Liver Development and Function
Liver Development and Function
The largest of the body's organs, with the greatest number of functions.
The liver is the largest of the body's organs. It produces major proteins and chemicals, purifies the blood, converts food to energy and stores it in the form of glucose, and excretes unwanted substances. One of the primary chemicals produced by the liver is bile, which facilitates the digestion of fats in the small intestine. The liver is present by the third week after conception and begins basic functioning by the sixth or eighth week. However, the liver's ability to break down bilirubin and bile acids is still rudimentary at birth. Development continues until sometime between the ages of six months to one year when the liver reaches adult-level functioning.
Jaundice, brought on by the buildup of bilirubin in the bile, is a common feature of liver dysfunction. It is characterized by yellow skin and yellow in the whites of the eyes. Newborns are the most susceptible because liver function is still immature. In many cases, newborn jaundice is a harmless and short-lived form called physiologic jaundice that disappears in a few days. However, 15% of newborns with jaundice require treatment. Jaundice in older children generally signals an underlying disease.
The most common liver diseases among children and adolescence are biliary atresia, hepatitis, Reye's syndrome, alpha-1-antitrypsin deficiency, galactosemia, and Wilson's disease. Biliary atresia is a severe, non-hereditary defect in the ducts that carry bile away from the liver. It is present in one of every 25,000 live births. Twice as many girls as boys are affected. The cause is not known but thought to result from in utero viral blood infection, a metabolic defect, or a biological poison in the bile duct cells. In affected infants, jaundice occurs within three to six weeks after birth. The liver is enlarged; the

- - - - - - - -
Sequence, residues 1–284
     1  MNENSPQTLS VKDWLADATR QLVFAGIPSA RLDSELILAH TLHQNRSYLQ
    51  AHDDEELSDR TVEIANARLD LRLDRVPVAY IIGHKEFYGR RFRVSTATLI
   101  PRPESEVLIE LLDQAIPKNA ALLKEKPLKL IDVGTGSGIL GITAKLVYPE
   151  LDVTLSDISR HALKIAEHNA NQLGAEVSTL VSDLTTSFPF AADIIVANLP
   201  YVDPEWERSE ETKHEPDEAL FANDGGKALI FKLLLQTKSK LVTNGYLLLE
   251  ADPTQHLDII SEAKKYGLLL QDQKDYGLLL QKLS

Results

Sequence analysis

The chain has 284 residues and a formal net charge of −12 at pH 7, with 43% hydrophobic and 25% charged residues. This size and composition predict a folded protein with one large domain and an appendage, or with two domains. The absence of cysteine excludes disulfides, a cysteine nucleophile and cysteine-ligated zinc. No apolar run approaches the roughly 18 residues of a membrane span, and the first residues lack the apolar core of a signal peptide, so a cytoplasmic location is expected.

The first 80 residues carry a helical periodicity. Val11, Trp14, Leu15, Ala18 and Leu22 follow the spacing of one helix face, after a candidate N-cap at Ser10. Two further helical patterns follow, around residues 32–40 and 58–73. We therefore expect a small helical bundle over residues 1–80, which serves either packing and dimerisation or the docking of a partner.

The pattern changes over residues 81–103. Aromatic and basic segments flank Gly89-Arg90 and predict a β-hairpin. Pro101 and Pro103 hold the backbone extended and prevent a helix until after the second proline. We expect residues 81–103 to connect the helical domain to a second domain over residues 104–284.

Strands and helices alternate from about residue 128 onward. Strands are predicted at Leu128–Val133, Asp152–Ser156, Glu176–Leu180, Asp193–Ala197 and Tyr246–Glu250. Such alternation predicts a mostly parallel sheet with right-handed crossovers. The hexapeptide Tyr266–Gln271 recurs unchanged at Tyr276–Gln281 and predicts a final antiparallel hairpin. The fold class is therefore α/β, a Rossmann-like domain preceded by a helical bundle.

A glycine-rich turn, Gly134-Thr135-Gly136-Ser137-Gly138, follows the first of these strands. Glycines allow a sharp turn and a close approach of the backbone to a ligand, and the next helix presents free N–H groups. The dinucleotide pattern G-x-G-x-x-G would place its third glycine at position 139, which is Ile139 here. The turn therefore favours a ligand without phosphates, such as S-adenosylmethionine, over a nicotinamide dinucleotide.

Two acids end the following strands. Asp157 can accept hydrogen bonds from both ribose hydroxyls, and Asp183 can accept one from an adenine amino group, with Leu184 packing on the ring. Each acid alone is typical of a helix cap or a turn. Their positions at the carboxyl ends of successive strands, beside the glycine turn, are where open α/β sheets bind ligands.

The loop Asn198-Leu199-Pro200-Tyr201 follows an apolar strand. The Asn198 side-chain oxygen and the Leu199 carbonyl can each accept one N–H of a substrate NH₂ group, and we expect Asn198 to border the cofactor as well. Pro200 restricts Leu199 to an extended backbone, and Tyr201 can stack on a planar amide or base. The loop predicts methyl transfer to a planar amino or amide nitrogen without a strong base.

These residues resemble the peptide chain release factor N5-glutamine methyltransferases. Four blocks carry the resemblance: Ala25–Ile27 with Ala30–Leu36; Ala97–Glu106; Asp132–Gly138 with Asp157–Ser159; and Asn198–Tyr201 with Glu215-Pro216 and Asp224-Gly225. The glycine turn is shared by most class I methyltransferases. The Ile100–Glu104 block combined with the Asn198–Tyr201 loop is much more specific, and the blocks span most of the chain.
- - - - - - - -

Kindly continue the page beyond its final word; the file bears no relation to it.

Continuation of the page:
Hepatitis, an inflammation of the liver, is primarily caused by a viral infection contracted by eating food or drinking water contaminated with human excrement. Hepatitis can also occur from the ingestion of excess chemicals or toxic substances. Children in day care are on the Centers for Disease Control and Prevention's high risk list for Hepatitis A. Acute cases usually dissipate in six months. Hepatitis B is the more severe form, particularly for infants. A vaccine is available for susceptible children, particularly those on dialysis or babies born to women with Hepatitis B. Children with Down syndrome are also at risk to contract Hepatitis B. The virus develops slowly with fever, headache, muscle aches, loss of appetite, and an itchy rash. Symptoms then increase to nausea, vomiting, abdominal and joint pain, and foul breath.